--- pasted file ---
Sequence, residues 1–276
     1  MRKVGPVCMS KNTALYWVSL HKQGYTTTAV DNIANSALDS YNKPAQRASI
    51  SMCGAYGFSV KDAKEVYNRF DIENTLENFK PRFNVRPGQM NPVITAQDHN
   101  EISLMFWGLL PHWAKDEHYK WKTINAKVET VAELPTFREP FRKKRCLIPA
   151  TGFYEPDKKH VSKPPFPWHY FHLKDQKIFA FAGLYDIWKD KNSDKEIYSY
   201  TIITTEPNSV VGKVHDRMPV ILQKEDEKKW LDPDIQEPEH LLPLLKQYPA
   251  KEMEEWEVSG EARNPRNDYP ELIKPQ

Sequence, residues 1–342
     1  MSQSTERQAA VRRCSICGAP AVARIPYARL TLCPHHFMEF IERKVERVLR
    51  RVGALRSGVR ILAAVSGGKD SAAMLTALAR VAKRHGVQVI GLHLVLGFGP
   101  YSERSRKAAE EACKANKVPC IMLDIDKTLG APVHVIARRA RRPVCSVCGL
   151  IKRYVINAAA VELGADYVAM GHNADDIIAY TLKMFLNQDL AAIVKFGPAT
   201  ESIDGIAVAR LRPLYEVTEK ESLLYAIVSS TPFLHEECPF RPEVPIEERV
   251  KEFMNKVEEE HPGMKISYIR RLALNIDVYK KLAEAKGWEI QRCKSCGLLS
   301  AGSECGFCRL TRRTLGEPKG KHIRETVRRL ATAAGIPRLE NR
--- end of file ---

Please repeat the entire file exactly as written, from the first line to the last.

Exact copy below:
Sequence, residues 1–276
     1  MRKVGPVCMS KNTALYWVSL HKQGYTTTAV DNIANSALDS YNKPAQRASI
    51  SMCGAYGFSV KDAKEVYNRF DIENTLENFK PRFNVRPGQM NPVITAQDHN
   101  EISLMFWGLL PHWAKDEHYK WKTINAKVET VAELPTFREP FRKKRCLIPA
   151  TGFYEPDKKH VSKPPFPWHY FHLKDQKIFA FAGLYDIWKD KNSDKEIYSY
   201  TIITTEPNSV VGKVHDRMPV ILQKEDEKKW LDPDIQEPEH LLPLLKQYPA
   251  KEMEEWEVSG EARNPRNDYP ELIKPQ

Sequence, residues 1–342
     1  MSQSTERQAA VRRCSICGAP AVARIPYARL TLCPHHFMEF IERKVERVLR
    51  RVGALRSGVR ILAAVSGGKD SAAMLTALAR VAKRHGVQVI GLHLVLGFGP
   101  YSERSRKAAE EACKANKVPC IMLDIDKTLG APVHVIARRA RRPVCSVCGL
   151  IKRYVINAAA VELGADYVAM GHNADDIIAY TLKMFLNQDL AAIVKFGPAT
   201  ESIDGIAVAR LRPLYEVTEK ESLLYAIVSS TPFLHEECPF RPEVPIEERV
   251  KEFMNKVEEE HPGMKISYIR RLALNIDVYK KLAEAKGWEI QRCKSCGLLS
   301  AGSECGFCRL TRRTLGEPKG KHIRETVRRL ATAAGIPRLE NR